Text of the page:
All Habs Top 20: Best Canadiens Prospects (June 2012 edition)

Alex Galchenyuk, 3rd overall, 2012

by Dan Kramer, Staff Writer,

MONTREAL, QC. — Trevor Timmins and Marc Bergevin will tell you publicly they didn’t draft by need last weekend, simply taking the best player available at each of their selections, but the fact that the club added six forwards to a prospect pool filled largely with defenders was no accident.  Even the profile of the forwards taken seems to fit in perfectly, with a heavy focus on skill to compliment the  grinder-types already filling the organization.

Today we’ll look at where the new selections fit into the prospect pool by updating the Canadiens’ top 20 prospects as of June 2012.  The rankings are based on a combination of NHL upside and the odds that a player will reach that upside.  I’ve excluded anyone who has played at least 20 NHL games, which is the reason names like Louis Leblanc, Aaron Palushaj, and Blake Geoffrion were left off the list.  I also kept the list to players aged under 24, or else consideration may have been given to a Frederic St. Denis or Brendon Nash.

Berger’s role should grow in his 2nd pro season (Richard Wolowicz/Getty Images)

HM: Alain Berger / Alexander Avtsin

Both Berger and Avtsin were edged off the list by the new kids, and I lump them together as they are similar cases.  Both are big bodied offensive forwards with one particular skill that stands out; in Berger’s case, his heavy shot, and in Avtsin’s, his shifty skating/stickhandling.  Neither player had much success in the AHL last year, with Berger scoring just 1 goal and 7 points in 47 games as a rookie, and Avtsin’s production declining from his rookie season to 14 points in 63 games.  Yet for both players, this is a pivotal season, with each having the potential to be a breakout performer for Hamilton with proper ice time, linemates, and if things finally begin to click.  Thus, Honourable Mentions for now, but with the possibility of climbing back up.

20. Brady Vail – C – 6’0″, 195 lbs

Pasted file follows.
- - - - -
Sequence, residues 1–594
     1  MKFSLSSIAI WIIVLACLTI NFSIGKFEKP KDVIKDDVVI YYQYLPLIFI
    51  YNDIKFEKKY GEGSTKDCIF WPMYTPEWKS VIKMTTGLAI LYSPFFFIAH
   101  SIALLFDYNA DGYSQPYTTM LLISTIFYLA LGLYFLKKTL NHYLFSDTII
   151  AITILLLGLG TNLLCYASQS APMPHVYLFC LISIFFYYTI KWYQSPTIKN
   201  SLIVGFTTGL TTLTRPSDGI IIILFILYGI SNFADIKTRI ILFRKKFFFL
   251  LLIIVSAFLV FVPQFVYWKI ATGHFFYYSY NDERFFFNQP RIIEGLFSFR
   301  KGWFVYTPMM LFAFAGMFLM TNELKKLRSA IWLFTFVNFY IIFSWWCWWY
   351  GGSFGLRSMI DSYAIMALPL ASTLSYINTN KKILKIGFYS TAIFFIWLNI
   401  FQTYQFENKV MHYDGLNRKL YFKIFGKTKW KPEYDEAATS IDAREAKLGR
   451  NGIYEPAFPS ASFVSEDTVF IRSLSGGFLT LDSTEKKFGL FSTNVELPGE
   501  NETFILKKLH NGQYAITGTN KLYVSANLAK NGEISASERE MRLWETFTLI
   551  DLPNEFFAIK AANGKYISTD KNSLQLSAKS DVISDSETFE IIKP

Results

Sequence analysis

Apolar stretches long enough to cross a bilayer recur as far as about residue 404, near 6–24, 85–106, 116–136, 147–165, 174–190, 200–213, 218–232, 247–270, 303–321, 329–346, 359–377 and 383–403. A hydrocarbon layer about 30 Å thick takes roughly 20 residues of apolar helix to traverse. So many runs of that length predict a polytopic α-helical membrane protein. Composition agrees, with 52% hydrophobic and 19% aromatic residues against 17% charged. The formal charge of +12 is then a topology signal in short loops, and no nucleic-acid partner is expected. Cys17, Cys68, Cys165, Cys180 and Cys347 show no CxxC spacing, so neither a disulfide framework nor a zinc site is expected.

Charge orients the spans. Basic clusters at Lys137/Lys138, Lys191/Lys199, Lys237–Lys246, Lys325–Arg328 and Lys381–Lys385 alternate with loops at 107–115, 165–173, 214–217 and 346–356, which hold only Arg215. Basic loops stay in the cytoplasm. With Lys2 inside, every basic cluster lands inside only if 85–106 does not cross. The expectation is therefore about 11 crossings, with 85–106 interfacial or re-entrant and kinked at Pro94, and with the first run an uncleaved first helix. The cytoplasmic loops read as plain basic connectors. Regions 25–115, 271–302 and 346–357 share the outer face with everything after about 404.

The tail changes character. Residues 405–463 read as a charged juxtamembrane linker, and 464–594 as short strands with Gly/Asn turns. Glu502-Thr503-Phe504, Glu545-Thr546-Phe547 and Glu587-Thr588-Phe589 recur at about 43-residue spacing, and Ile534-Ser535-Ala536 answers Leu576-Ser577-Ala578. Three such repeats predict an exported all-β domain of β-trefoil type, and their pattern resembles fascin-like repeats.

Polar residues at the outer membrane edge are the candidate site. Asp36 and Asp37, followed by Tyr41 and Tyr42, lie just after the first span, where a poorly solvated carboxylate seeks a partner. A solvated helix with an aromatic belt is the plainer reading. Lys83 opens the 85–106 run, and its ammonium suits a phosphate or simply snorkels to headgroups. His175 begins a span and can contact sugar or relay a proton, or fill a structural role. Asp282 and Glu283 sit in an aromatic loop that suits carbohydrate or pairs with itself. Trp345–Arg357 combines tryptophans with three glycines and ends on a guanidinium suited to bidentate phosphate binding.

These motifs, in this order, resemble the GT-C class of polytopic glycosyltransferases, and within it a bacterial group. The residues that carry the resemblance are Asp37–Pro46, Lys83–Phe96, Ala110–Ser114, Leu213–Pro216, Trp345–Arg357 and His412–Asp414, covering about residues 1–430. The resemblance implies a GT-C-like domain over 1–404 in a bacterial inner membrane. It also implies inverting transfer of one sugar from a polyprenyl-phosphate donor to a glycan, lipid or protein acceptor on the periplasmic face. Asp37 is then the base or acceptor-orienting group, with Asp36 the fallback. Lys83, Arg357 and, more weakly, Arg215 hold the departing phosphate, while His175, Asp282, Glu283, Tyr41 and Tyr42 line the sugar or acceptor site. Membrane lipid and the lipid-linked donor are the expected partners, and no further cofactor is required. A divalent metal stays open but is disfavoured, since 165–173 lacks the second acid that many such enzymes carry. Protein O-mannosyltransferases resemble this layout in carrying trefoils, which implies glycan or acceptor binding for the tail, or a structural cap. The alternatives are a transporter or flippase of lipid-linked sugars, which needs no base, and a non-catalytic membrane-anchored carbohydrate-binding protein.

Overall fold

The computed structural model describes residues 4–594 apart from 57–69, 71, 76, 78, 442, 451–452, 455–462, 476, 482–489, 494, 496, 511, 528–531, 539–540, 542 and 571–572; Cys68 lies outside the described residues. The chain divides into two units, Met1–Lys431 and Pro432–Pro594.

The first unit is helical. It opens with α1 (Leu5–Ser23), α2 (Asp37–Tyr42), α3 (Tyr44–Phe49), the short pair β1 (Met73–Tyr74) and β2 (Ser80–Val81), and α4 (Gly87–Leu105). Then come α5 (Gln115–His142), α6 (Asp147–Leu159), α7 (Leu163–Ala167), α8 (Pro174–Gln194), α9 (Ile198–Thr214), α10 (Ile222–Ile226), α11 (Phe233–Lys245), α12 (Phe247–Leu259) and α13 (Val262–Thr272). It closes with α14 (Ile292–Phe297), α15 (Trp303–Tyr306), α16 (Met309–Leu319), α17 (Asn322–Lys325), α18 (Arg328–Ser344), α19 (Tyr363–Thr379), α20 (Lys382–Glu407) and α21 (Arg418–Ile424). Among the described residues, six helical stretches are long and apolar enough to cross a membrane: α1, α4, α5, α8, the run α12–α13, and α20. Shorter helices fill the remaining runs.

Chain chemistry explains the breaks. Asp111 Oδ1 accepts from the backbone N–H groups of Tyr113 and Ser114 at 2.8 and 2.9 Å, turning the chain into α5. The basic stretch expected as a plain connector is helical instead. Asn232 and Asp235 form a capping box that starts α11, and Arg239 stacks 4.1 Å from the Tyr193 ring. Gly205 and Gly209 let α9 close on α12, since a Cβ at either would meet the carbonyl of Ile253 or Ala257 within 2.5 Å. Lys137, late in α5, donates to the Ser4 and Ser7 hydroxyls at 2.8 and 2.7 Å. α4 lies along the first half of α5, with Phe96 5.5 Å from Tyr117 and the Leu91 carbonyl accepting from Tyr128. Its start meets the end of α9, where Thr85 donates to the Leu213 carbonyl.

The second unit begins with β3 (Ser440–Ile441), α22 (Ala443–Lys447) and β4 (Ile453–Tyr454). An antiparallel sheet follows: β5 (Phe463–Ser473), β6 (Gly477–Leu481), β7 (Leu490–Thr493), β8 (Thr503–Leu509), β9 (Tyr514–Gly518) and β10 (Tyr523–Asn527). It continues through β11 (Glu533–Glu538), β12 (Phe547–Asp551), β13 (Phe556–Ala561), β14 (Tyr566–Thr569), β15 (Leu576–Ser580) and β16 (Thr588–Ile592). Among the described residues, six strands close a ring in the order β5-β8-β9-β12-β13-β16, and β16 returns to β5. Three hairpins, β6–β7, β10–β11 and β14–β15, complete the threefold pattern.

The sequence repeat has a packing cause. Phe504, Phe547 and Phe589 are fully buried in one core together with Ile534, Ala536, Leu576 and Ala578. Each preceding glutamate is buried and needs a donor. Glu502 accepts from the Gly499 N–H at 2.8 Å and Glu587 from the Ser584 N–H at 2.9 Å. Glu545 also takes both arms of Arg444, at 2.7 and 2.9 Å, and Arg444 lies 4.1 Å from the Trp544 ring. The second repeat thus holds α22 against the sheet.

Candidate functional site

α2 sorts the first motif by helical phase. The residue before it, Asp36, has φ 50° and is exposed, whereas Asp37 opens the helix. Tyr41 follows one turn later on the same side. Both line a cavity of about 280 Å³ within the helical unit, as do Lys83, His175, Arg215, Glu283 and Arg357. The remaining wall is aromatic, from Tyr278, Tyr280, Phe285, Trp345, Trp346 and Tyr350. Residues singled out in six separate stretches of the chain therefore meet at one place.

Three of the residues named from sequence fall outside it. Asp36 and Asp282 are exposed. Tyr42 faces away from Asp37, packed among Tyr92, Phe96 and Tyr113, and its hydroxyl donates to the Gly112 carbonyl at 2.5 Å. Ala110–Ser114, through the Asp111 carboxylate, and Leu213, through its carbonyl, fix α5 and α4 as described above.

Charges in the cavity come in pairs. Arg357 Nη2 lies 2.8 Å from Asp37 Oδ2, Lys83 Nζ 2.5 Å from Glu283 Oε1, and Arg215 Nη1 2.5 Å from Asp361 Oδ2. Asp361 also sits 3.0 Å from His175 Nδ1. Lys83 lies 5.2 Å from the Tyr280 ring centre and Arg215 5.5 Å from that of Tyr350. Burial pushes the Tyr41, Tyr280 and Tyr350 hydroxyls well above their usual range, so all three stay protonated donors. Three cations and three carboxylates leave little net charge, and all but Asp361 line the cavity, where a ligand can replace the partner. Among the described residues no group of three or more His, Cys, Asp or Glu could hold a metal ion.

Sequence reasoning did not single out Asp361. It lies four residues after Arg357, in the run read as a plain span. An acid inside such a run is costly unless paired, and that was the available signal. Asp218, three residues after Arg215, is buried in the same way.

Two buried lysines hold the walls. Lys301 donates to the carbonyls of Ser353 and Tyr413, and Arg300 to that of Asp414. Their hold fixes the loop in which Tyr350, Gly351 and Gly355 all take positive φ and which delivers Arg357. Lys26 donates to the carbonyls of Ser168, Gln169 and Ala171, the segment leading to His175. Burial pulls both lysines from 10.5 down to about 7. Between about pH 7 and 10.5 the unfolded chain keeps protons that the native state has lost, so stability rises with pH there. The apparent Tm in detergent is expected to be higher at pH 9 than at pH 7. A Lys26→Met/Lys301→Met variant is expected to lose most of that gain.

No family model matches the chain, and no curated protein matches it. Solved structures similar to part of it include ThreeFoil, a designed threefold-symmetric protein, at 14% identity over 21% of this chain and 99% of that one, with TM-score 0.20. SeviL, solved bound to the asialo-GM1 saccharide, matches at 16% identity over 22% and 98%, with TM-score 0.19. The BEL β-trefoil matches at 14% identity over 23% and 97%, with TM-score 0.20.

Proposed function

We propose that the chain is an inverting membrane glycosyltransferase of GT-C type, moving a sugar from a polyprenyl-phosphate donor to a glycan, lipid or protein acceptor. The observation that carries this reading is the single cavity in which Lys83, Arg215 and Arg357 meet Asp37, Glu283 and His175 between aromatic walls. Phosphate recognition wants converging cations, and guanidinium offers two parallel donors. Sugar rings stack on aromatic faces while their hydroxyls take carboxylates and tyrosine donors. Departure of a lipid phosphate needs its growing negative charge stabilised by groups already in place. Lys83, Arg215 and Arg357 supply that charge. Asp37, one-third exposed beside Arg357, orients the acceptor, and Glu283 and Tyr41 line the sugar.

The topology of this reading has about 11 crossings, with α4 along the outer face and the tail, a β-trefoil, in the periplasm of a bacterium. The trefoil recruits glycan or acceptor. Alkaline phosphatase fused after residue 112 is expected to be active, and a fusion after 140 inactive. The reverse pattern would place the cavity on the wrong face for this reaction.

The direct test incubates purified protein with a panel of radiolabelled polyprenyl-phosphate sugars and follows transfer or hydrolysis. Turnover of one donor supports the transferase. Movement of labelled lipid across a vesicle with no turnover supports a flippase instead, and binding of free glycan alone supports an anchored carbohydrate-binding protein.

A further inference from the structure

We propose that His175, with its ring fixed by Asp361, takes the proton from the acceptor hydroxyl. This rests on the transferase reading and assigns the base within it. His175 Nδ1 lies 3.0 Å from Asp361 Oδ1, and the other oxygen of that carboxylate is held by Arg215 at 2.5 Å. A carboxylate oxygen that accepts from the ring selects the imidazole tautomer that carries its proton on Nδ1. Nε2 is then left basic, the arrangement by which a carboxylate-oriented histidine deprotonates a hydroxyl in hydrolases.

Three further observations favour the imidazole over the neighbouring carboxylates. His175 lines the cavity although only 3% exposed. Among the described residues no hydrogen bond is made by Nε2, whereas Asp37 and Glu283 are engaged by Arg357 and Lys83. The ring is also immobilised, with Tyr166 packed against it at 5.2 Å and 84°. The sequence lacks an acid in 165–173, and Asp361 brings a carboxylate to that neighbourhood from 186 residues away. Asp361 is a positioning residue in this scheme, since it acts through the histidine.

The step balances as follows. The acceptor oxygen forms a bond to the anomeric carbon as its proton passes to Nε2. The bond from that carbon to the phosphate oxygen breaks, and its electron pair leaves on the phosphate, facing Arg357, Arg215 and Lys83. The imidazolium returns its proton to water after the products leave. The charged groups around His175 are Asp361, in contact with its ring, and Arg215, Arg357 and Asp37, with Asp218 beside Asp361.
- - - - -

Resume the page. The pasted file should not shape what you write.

2012-13: Windsor Spitfires, OHL
Age 18 – Shoots  L
Acquired: 2012 draft, 4th round, 94th overall

Vail is a player who defines himself firstly as a defensive-minded center.  The Florida native aims to play more of a two-way game, improving his offensive numbers significantly from 10 points in 61 games in 2010-11 to 52 points in 68 games this past season.  Many seem to believe in his track, based on his being ranked 40th by McKeen’s and 51st by Future Considerations for this past draft.  He has played all three forward positions at various times, and if he can continue to improve his skating, seems like a safe bet as a future third liner.

19. Josiah Didier – D – 6’2″, 202 lbs
2012-13: University of Denver, NCAA
Age 19 – Shoots R
Acquired: 2011 draft, 4th round, 97th overall

Despite being a fourth-round pick, Didier was the second player the Canadiens chose last year due to trades.  He isn’t a player who will wow you with any flashy play, but projects as a Josh Gorges type, basing his game on using his size effectively (without being the type to take himself out of the play chasing a big hit), being strong positionally, and most certainly blocking shots.  Didier is a long-term project, but with three years of university ahead of him, the Habs can afford to be patient with him.

18. Greg Pateryn – D – 6’2″, 214 lbs
2012-13: Hamilton Bulldogs, AHL
Age 22 – Shoots R
Acquired:  Trade from Toronto, with a 2nd round pick, in return for Mikhail Grabovski

At 22, Pateryn is one of the older players still on this list, but he’ll be a pro rookie in the Fall as he joins the Bulldogs after four seasons with the Michigan Wolverines, much of the last two spent as a partner of the list’s No. 16 prospect Mac Bennett.  A primarily defensive defenseman, Pateryn is a shutdown type who uses his size to contain opposing top lines without being overly physical (though he is tough; not shying away from it either.)  The knock on him is his skating, so  his NHL future will be determined based on whether or not he can keep up with the pro game, but could pan out as a safe bottom pairing type in the near future.

Dumont may top 4th line call-up list this season (AP Photo/The Canadian Press, Graham Hughes)

17. Gabriel Dumont – C – 5’9″, 189 lbs
2012-13: Hamilton Bulldogs, AHL
Age 21 – Shoots R
Acquired: 2009 draft, 5th round, 139th overall

Dumont ranks as highly as he does because of NHL-readiness, capable of slotting on to many teams’ fourth lines around the league due to his hard-working, physical brand of hockey.  He’ll never be a star player, but he has enough skill to chip in the occasional goal or two, though his skating could be better.  He may never get a fair shot in Montreal because of the abundance of forwards measuring 5’10” or less.

16. Mac Bennett – D – 5’11”, 185 lbs
2012-13: Michigan Wolverines, NCAA
Age 21 – Shoots L
Acquired:  2009 draft, 3rd round, 79th overall

Since seeing him at a Habs’ camp, Bennett has been one of my favourite prospects, but not unlike Didier, he remains a longer-term project.  A strong, smooth skater, Bennett is an undersized two-way blueliner who is a great passer and improving his play in his own end.  He has up to two years left in Michigan, but depending on how Hamilton’s defense looks this season with all of its fresh faces, could be a candidate for a contract a year from now if he can improve on his 21 points in 41 games this past year.

15. Joonas Nattinen – C – 6’2″, 199 lbs
2012-13: Hamilton Bulldogs, AHL
Age 21 – Shoots R